His images of the riot were featured the next day in one of the London leading daily newspapers both on the front page and in a feature spread inside. “And, I was giving a photo credit. That turned out to be a mixed blessing,” adds Steve.
It turns out that a group of plain clothes policemen in the back had started throwing bottles and rocks at the line of police and that gave them the excuse to start attacking the protestors and ignited the riot. Since Steve had photographed these men, he drew unwanted attention from a special private branch of the British police force that searched his flat on the morning he was fortunately dropping off the film of the riot to the British media outlet, The Telegraph. Though all of his gear and whatever cash was in the apartment was still there, all of his important papers such as passport and driver’s license were missing. Very obvious signs were left in a rather conspicuous manner that someone had been there and wanted it felt.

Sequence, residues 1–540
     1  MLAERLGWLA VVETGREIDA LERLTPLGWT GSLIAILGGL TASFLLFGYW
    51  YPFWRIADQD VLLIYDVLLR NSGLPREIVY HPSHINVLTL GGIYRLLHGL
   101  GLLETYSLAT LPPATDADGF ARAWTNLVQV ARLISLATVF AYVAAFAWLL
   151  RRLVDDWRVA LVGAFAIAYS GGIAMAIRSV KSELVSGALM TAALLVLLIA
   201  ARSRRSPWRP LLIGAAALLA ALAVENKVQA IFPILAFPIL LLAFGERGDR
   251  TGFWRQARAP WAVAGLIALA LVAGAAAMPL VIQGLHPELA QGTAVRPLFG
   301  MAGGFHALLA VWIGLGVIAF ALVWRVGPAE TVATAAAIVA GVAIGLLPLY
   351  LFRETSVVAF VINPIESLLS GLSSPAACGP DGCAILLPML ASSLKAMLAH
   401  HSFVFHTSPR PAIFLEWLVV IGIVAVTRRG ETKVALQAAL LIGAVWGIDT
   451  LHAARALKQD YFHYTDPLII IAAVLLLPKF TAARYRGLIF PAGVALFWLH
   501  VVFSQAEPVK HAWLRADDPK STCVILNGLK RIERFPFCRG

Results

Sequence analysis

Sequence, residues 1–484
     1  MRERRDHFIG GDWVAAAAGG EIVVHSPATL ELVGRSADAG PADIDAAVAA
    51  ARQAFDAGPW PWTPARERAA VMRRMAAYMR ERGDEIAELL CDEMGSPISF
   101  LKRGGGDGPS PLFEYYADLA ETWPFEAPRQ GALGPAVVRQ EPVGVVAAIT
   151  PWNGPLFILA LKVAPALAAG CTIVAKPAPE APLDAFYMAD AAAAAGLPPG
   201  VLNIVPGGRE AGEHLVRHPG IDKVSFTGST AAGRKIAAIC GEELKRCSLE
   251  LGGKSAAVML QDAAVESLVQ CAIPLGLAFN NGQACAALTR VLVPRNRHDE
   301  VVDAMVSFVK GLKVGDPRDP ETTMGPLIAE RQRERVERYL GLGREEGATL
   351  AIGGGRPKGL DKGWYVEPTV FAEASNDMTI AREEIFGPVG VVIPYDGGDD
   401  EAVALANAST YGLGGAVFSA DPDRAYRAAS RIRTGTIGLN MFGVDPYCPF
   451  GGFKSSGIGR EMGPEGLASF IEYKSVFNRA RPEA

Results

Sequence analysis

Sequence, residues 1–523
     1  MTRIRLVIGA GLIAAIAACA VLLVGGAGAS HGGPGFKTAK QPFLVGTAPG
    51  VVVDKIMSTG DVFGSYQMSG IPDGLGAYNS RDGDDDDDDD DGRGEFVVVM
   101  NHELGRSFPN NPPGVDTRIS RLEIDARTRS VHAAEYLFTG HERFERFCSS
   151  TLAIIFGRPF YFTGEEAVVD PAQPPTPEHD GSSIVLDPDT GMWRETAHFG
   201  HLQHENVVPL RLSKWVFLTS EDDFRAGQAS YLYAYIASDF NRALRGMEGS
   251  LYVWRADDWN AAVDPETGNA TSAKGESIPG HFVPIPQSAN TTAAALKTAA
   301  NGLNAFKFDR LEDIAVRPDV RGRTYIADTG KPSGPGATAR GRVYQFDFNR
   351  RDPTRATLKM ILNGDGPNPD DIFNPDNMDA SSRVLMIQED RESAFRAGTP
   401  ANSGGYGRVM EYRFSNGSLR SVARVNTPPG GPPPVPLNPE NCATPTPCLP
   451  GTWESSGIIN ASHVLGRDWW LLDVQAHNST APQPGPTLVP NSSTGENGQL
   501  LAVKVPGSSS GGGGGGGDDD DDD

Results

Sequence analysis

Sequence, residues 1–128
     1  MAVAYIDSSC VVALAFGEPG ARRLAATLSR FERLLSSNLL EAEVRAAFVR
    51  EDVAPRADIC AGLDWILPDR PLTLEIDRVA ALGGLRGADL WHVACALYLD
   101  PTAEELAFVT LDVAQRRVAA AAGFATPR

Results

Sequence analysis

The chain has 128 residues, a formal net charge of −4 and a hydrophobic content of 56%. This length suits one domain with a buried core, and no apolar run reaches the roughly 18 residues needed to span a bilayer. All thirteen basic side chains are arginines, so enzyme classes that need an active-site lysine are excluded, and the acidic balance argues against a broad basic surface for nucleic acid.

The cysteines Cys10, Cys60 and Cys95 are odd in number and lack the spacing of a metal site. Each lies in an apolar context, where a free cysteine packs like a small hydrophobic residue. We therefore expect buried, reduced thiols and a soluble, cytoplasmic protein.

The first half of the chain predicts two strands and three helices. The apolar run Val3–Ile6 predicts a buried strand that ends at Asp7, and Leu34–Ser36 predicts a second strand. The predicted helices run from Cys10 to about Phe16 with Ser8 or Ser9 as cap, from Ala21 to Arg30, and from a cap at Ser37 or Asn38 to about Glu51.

“Britain is not a democracy. It is at the pleasure of Her Majesty’s government and you don’t have the same rights you have here,” he reminds me, who like most native-born Americans, sometimes takes this for granted.
Steve took the not so delicate hint to heart. He replaced his passport as quickly as possible and immediately put it to use by coming to New York City in 1977 where he has been ever since. “So I guess in some ways they did me a favor,” Steve quips mockingly. And, he has since put those images to work alongside shots of the formidable English punk band, The Clash in an epic two canvas work of the same name.